Race, Relationships, Roles: T2’s ‘Tiger Style!’ looks at cultural identity

Race, Relationships, Roles: T2’s ‘Tiger Style!’ looks at cultural identity
April Wallace

If you’ve ever disappointed your parents, you might relate to “Tiger Style!,” a comedy about race, family relationships and the definition of success, which opened this weekend at TheatreSquared.

Brother and sister Albert and Jennifer Chen are successes by American standards, with their careers as software programmer and doctor, but continue to face criticism from their immigrant parents — Albert for being passed up for a promotion and Jennifer for her recent breakup. Throughout the play, both struggle with their respective identities as Chinese Americans and where they fit in.

Hyunmin Rhee and Stephanie Shum costar as the sibling pair.

Rhee says his character is trying to figure out where he belongs, torn between conflicting traditions.

“Do I belong here in America even though I was born here? Even with all of the knowledge of (Chinese) culture and background and upbringing implemented into my life, based on growing up in a Chinese immigrant family, I don’t really know anything about China, I’ve never been there before,” Rhee says, speaking from Albert’s perspective.

In the play, he and his sister don’t feel fully accepted in America, so they go to China only to realize they don’t belong there, either.

The production is compelling because it looks at “how to define success and how it’s different from our parents’ version, and how we pave a way forward for the American dream,” actress Shum says.

Its brilliance is that it tackles heavy and sometimes dark subject matter in a light way, she adds. She believes doing it in a comedy makes the message hit even harder.

The play opens with one of these opportunities to change perception around common but offensive stereotypes in a conversation where one character tries to guess Albert’s ethnicity, asking if he’s Chinese or not and wondering why he doesn’t speak Chinese. Rhee says this kind of unwelcome guessing game is played out even among groups in the Asian American community.

Shum says the relationship between her character, Jennifer, and her ex-boyfriend, Reggie, touches on the exoticism of Asian women.

As the characters in “Tiger Style!” struggle with their identities and how they let others’ opinions of those identities affect them, the audience gets a visual cue to their belonging as Americans with the chosen colors of the set and costumes. The stage is a monochromatic white box, while Albert is dressed in all blue and Jennifer in all red, says Joanna Bell, director of marketing and communications for TheatreSquared. (Courtesy Photo/Wesley Hitt for T2)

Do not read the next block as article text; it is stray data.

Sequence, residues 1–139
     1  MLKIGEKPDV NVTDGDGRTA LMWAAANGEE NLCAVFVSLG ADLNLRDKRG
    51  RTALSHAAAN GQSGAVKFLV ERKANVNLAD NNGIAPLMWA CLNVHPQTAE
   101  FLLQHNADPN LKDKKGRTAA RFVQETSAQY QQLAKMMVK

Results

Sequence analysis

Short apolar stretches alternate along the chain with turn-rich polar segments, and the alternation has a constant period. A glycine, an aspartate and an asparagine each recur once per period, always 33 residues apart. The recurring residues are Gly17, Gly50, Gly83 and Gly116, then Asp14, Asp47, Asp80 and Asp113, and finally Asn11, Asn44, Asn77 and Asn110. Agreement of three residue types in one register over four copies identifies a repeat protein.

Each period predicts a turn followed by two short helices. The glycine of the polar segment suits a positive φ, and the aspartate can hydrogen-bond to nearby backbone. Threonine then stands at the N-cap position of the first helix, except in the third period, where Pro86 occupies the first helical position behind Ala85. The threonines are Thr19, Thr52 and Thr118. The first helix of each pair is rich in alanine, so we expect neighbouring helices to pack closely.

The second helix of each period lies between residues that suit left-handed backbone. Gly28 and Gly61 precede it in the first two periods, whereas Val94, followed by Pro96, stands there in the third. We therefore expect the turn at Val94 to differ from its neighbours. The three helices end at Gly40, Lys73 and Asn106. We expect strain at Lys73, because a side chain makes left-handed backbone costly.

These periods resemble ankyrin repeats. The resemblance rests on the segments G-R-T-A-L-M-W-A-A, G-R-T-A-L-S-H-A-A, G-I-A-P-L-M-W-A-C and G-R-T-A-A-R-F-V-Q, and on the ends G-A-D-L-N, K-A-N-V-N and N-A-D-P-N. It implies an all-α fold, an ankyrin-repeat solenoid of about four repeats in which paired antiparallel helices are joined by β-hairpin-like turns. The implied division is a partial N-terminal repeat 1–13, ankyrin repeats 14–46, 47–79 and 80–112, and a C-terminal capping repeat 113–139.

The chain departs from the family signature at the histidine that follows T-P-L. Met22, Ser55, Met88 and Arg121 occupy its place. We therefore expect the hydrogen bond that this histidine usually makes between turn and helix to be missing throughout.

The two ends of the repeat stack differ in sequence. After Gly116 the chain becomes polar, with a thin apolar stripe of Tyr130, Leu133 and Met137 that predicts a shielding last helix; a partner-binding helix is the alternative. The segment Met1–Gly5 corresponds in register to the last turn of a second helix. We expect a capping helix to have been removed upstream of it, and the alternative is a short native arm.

“That’s one of the things that the play talks about in a really smart way that I hadn’t heard anywhere else, the explanation and why the myth of (Asians being a) minority is hurtful,” Shum says.

Watching Albert and Jennifer and how they interact with the world, their coping with various levels of success and their parents misinterpretation of those things, might be eye opening for those not from immigrant families, and it might look familiar to those who are.

Shum definitely saw bits of herself and her family in the script. Her parents immigrated from Hong Kong, then she was born in Canada and raised in the U.S. Growing up she found herself having similar conversations of wanting to do something and being told no without explanation, such as a summer in her teen years when she wanted to work at Jamba Juice like the rest of her friends — something that was not going to happen.

“Growing up with my parents, they would expect things of me that were unspoken,” Shum says. “I didn’t understand these things, but they were ingrained in (my parents) … It was a weird culture shock going home and not knowing where I really belonged.”

In the play, Albert experiences a number of these frustrating conversations, in which he summons up his courage, and brings his sister with him just in case, to get an apology out of his parents, but it doesn’t happen. Rhee says can relate to that a bit from his own life.

Sometimes, depending on the topic that their script covers, Rhee says, “I’m not acting. This is how I feel! I’m sick and tired of it.”

In the end, the siblings walk away with two very different perspectives that you’ll have to learn by attending the show. But Rhee and Shum hope audiences laugh hard, recognize the situations but also remember that Asian hate crime is still very real.

“In a line of mine to Jennifer, I say that ‘When we talk about race, we only talk about Black and white, but where does that leave us?’” Rhee concludes.



‘Tiger Style!’

WHEN — 7:30 p.m. Tuesday-Saturday and 2 p.m. Saturday-Sunday through April 3

WHERE — In person and streaming through TheatreSquared, 477 W. Spring St. in Fayetteville

COST — $15-$28

INFO — 777-7477 or theatre2.org

Categories: Theater